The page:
In his first public pronouncement since the divisive referendum, the president of the Catalan region, Carles Puigdemont, said his government would declare independence in a matter of days.
He told the BBC that his government would "act at the end of this week or the beginning of next", and said that if the Spanish central government tried to intervene, it would be an "error which changes everything".
Amid huge rallies taking place across Catalonia, the country's king, Felipe VI denounced the organisers of the referendum as it showed "disrespect to the powers of the state.
"They have broken the democratic principles of the rule of law. Today, the Catalan society is fractured," he said on Tuesday (3 October).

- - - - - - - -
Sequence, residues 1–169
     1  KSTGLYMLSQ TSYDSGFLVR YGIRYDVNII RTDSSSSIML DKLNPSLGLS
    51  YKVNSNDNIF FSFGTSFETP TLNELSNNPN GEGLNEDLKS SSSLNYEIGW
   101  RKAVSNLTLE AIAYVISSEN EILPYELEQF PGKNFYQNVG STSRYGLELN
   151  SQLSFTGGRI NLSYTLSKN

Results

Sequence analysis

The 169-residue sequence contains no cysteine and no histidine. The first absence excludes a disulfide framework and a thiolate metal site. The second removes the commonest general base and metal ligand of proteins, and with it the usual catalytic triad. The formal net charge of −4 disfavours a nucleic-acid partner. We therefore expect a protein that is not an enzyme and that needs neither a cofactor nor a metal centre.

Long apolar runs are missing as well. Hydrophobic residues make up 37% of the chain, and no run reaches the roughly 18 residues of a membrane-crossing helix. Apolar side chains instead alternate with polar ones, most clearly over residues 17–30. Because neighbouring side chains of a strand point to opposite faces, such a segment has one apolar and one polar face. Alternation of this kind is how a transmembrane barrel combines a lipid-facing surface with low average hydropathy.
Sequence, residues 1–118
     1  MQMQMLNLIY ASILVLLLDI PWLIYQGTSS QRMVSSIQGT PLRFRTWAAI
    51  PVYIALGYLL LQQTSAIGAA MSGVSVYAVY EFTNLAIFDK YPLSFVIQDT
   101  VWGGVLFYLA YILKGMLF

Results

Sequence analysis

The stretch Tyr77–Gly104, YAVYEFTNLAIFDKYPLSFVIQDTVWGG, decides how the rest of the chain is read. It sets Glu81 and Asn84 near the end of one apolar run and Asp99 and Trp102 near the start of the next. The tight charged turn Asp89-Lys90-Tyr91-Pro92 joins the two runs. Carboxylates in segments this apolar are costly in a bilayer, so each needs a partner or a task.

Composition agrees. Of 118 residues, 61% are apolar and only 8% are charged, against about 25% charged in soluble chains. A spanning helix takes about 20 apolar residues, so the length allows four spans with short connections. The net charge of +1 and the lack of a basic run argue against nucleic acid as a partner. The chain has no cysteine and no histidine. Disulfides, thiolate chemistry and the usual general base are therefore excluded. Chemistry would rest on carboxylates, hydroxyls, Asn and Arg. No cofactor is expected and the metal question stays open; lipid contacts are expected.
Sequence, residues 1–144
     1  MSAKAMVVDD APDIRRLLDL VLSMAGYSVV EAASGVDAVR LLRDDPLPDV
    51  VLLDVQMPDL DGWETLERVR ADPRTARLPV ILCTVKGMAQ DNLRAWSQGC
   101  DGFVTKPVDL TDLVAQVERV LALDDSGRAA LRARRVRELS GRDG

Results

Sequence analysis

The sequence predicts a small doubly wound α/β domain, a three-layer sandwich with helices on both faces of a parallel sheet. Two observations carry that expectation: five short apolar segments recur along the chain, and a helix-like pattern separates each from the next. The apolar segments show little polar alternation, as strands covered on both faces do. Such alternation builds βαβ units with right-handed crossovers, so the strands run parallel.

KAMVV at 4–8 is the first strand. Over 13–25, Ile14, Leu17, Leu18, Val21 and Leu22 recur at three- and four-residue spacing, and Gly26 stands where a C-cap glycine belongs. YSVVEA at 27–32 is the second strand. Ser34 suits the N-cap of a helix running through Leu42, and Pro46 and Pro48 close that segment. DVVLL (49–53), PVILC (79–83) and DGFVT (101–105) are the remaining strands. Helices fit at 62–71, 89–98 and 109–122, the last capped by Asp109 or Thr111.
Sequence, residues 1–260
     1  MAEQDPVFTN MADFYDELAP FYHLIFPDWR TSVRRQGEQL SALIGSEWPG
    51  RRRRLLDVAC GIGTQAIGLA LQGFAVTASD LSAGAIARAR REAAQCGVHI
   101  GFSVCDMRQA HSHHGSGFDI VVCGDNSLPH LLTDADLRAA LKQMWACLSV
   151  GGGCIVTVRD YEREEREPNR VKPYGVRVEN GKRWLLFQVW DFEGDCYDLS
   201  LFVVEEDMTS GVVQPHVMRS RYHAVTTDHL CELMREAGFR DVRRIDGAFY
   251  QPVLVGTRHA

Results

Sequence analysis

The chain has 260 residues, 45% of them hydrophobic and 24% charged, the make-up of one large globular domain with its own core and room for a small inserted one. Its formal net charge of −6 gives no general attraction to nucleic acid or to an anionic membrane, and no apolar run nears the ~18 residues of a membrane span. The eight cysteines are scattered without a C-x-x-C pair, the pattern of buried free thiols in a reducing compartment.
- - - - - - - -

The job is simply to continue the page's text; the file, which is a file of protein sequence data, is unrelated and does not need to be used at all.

"These authorities have scorned the attachments and feelings of solidarity that have united and will unite all Spaniards. Their irresponsible conduct could even jeopardise the economic and social stability of Catalonia and all of Spain," he said.
There were reports of a turnout of around 700,000 people in a demonstration in Barcelona, while the city endured road blocks, traffic jams and train delays.
Some 33 police officers were said to be injured in the mass action following the referendum whose organisers said saw a 90% approval for the north east region to declare independence.
Turnout did not exceed 40%. The Spanish government has said it would respond with "all necessary measures" should the region declare independence.